"Rape is just surprise sex."
I think the fact that I did not punch the guy who uttered these words to me and scream "SURPRISE!" is a testament to my new found anger management skills. Unfortunately for these new skills, shortly after this encounter, I made the mistake of picking up a copy of the September 2008 issue of Campus Talk .
It wasn’t the two airbrushed wanna-be Playboy Barbies on the cover of this outstanding publication that caught my attention, but the headline "Tighten the Leash! How 2 train your girlfriend." No, the editor could not be bothered to spell out the word "to" and yes, I should probably go back to anger management classes.
This tasteful article is offset by a picture spanning the top half of the page. The image is part of a woman’s face, with bright green eyes and perfect make-up; she could be any girl under 25. The viewer only sees from the bottom of her nose to the top of her eyebrows. The light focuses on her eyes, which are wide open, pupils narrowed and eyebrows arched in surprised. From the shadows behind her, you see nothing but a thumb cutting across her cheek and a shadow of a hand firmly clamped across her mouth. Above the picture is the preface to the article: "I love you. You’re perfect. Now change!"
Indeed we all wish that at some point we could "train" our significant others; but as much as we’d like to pretend otherwise, training is not an option and there has to be give and take in every healthy relationship. For every dinner I don’t cook, there is a load of dishes for me to do.
However, what could have become an amusing social commentary about the lessons we learn as we live together turned out to be nothing more than a poorly written users manual for bullying, violence, and deceit in order to create a Stepford girlfriend.
The article itself only takes up half of the page, but suggests that a girl can, and should, be trained by her boyfriend to like sports, dress sexier, drink beer, be a minx, and talk less. The ultimate goals listed are to have your girl pole dance, stop talking altogether, and get her to drink her weight in beer as you introduce her to new and enticing sexual adventures. Great. Thanks, Casanova.
The image accompanying this article, which should invoke a feeling of terror in its viewers, comes across as artificial and surreal when taken in context. The very pairing of this article and this picture mocks the validity of violence against women, and for all intents and purposes turns it into a mere joke. In an era that is celebrating the advancement of women, this college-targeted publication is condoning the act of getting the woman you supposedly care about so drunk "that even moonshine tastes like Gatorade" and encouraging her to "slut up her wardrobe" in order for her to be considered attractive.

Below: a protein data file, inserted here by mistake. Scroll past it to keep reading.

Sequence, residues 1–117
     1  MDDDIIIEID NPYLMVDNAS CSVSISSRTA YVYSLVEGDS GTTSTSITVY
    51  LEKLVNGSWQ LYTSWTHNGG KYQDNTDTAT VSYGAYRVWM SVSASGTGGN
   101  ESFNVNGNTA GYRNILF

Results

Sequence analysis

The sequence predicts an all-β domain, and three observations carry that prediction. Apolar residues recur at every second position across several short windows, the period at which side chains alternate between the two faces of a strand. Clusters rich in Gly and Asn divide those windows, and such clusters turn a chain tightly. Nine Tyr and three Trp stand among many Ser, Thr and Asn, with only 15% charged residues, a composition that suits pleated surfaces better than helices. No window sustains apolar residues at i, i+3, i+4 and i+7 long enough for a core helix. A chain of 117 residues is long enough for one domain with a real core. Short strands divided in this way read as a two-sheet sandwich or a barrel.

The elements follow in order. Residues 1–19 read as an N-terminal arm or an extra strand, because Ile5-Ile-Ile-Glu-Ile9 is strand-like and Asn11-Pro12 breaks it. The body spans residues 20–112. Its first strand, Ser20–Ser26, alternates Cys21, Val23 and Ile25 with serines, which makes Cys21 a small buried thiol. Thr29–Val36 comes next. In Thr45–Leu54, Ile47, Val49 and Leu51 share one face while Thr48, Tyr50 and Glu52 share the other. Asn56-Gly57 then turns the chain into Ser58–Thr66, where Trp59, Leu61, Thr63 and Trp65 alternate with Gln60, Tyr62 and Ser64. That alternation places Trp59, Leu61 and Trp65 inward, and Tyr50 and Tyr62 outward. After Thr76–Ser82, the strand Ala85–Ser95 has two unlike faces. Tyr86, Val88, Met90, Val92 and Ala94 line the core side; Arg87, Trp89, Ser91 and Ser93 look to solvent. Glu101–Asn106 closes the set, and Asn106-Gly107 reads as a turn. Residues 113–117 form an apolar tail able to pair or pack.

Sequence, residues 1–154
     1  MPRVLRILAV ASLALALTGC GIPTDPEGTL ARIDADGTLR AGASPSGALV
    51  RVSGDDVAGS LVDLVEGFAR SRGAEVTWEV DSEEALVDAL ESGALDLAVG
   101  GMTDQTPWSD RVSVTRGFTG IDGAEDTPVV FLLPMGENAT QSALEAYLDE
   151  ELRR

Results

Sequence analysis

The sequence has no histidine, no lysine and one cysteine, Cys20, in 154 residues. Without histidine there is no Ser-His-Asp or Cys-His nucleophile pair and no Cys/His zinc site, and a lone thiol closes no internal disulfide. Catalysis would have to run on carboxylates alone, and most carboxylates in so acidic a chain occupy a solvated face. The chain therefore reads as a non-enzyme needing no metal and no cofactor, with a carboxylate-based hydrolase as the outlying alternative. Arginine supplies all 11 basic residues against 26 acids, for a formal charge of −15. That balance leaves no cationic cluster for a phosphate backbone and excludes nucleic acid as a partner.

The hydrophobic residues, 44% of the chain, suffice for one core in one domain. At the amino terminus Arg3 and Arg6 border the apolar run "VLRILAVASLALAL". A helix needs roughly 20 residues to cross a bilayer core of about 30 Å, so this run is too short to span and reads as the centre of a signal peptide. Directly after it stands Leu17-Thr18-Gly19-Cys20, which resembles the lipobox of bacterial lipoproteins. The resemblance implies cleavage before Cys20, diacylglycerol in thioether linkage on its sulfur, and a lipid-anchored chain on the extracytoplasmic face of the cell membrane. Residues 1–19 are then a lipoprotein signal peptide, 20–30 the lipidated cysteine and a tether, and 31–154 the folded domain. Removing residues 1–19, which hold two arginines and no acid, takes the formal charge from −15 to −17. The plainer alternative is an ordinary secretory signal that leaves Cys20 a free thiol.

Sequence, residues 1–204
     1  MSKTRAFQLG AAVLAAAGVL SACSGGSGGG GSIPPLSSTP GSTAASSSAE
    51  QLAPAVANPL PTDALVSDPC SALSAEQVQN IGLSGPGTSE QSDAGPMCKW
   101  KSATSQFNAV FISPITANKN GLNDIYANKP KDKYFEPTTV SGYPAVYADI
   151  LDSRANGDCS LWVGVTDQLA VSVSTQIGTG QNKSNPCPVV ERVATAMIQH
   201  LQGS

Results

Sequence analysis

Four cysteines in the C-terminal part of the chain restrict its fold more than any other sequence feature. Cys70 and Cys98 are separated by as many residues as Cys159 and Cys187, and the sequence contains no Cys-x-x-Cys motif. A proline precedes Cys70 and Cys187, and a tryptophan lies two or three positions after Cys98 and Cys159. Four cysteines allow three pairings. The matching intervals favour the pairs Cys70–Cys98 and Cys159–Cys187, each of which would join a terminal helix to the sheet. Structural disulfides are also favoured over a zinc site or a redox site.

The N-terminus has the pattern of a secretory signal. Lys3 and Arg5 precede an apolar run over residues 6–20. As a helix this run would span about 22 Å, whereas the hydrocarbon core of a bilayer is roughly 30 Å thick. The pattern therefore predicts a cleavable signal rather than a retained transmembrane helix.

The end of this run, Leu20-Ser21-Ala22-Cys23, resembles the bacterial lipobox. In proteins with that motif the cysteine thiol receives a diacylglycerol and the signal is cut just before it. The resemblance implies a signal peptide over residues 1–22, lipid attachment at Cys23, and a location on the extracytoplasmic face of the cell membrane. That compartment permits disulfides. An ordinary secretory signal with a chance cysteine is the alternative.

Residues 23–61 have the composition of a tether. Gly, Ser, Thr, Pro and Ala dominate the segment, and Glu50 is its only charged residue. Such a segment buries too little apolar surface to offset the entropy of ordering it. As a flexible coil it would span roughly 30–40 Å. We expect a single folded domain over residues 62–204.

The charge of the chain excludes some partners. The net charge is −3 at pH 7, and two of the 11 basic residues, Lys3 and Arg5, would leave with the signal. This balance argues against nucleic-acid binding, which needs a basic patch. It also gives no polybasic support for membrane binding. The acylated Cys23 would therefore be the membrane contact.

The seriousness of violence against women is further downplayed by the "totally useless fact(s)" at the bottom of each page. The publication plasters inconsequential tidbits like "A giraffe can go without water longer than a camel can" side-by-side with facts such as "Rape is reported every six minutes in the United States." That particular "useless fact" was found just under the how-to article titled "Man Up Your Apartment."
According to RAINN statistics, one woman is sexually assaulted every two minutes. RAINN also indicates that 1 in 6 women will be sexually assaulted in their lifetime and that college age women are 4 times more likely to be assaulted. (Check the facts at http://www.rainn.org/ ).
With publications like My Campus Talk, I don’t foresee these statistics dropping any time soon. Targeting the undergraduate populations this magazine could have the potential to educate, but instead it chooses to encourage the continued objectification and degradation of all women by approaching the issue of violence against women with a casual indifference and dehumanizing manner. These students will graduate; sadly, many will enter the real world carrying these ideals. We cannot advance as a society if we effectively disenfranchise half of our population. College is a place that prepares our children for the future, and I am hoping that our future is not a place where "rape is just surprise sex."